Every deception has a process of acceptance. In that process and over time a deconstruction of truth will take place making the final acceptance of an error seem reasonable. At first, what is offered as a logical disassembly of our faith will pull apart historic truth and insert just enough doubt into the seam of that disassembly to motivate us to take the first step towards acceptance.
Compromise is gradual. We are led to places of compromise. All compromise begins with doubt. There is a point in the process where we have a choice to believe what God and His word declares as truth or repeat on a personal level Adam and Eve’s downfall where they entertained a question that challenged the integrity of God’s word. “Did God really say you must not eat the fruit from any of the trees in the garden?” (Genesis 3:1).
Once doubt has been inserted into our thinking, the reason for holding on to truth is lessened and we eventually let go assuming we are now free when in reality we have entered a place of bondage.
Unpacking our faith and examining what we inherited as truth can be a positive experience. That unpacking must take place in the light of Scripture and under the guidance of the Spirit. If we allow the wounds from our past or human logic to take the lead, we will compromise the process. Examination is how our faith becomes mature. We just need to make sure that Scripture, historic context, and wise counsel are at the primary interpreters of the process.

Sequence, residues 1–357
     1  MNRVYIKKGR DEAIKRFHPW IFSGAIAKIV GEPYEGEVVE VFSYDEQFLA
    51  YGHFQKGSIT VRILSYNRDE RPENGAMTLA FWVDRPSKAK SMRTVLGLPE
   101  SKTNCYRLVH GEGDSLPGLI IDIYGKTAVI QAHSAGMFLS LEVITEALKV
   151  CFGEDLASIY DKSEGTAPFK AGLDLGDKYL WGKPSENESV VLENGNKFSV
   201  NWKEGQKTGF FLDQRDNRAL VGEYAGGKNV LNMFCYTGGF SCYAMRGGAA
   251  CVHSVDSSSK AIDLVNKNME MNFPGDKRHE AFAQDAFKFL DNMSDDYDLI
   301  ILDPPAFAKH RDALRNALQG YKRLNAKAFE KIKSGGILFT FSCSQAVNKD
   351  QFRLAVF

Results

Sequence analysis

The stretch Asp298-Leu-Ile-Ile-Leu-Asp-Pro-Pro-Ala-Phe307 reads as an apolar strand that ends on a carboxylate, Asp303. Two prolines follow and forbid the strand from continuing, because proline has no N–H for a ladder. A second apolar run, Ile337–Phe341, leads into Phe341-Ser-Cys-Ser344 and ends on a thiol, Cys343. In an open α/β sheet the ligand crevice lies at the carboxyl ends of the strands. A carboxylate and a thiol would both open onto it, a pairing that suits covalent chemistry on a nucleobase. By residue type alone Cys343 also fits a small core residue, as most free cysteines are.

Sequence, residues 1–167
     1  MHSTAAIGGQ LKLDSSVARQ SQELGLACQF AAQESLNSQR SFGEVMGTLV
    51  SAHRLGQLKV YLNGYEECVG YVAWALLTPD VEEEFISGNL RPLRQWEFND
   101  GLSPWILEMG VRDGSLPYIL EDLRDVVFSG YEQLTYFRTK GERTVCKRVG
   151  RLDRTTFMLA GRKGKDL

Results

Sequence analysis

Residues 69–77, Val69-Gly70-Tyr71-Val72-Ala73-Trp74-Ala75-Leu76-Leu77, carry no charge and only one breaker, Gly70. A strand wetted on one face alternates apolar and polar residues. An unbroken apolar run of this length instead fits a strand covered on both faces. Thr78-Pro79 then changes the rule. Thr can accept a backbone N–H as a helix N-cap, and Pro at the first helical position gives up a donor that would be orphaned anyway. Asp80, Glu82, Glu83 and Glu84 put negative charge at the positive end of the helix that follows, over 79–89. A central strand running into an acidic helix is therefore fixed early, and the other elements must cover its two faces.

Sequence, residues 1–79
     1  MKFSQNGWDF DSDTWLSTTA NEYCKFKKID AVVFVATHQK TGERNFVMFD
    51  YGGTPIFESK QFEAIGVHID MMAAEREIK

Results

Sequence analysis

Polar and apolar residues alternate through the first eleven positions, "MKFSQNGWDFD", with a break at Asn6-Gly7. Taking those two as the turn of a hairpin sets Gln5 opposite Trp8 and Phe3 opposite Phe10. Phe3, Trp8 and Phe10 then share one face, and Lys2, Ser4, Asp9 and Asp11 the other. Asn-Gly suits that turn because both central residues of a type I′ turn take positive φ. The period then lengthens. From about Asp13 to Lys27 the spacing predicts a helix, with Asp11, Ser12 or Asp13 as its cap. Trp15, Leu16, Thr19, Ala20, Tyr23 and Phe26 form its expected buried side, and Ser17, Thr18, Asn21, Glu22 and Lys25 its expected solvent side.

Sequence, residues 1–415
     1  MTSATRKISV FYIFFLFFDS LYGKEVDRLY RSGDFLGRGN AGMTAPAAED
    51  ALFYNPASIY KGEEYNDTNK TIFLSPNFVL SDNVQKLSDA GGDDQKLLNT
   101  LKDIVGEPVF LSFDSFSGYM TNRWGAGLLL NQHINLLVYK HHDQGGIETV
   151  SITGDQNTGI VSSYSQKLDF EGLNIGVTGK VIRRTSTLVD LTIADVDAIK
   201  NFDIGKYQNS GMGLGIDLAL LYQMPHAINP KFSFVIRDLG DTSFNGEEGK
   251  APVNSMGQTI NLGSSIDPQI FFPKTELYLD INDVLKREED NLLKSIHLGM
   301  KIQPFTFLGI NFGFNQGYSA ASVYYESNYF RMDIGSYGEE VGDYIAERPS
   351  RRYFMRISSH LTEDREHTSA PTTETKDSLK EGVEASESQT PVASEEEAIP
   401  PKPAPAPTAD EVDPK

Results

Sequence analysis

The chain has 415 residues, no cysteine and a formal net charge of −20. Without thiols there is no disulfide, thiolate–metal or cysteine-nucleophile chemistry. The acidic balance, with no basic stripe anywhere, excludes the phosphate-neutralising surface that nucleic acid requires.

Where the danger comes is when we have a predetermined bias against an established biblical truth that has been held by the Church for thousands of years and we allow our bias to become the arbiter of truth. It is too easy to believe that the generation in which we live has somehow finally seen the light.
I have always told people to start a process of reexamination with the person of Jesus Christ and end it with Him. As long as the single truth declared by Jesus “I am the way, the truth, and the life. No one can come to the Father, except through me” (John 14:6) is securely in place, we will be able to safely navigate a process of reexamination. If that truth about Jesus are the bookends for a process of faith examination, I am willing to give people as much freedom as they need to reexamine their faith. With that truth about Jesus in place, the Spirit will faithfully lead us into all truth.
If in the process of pulling apart our faith to reexamine its content we have reduced Jesus to just another option for salvation, it is there I must draw the line and call the end product of such a reexamination a well-crafted deception.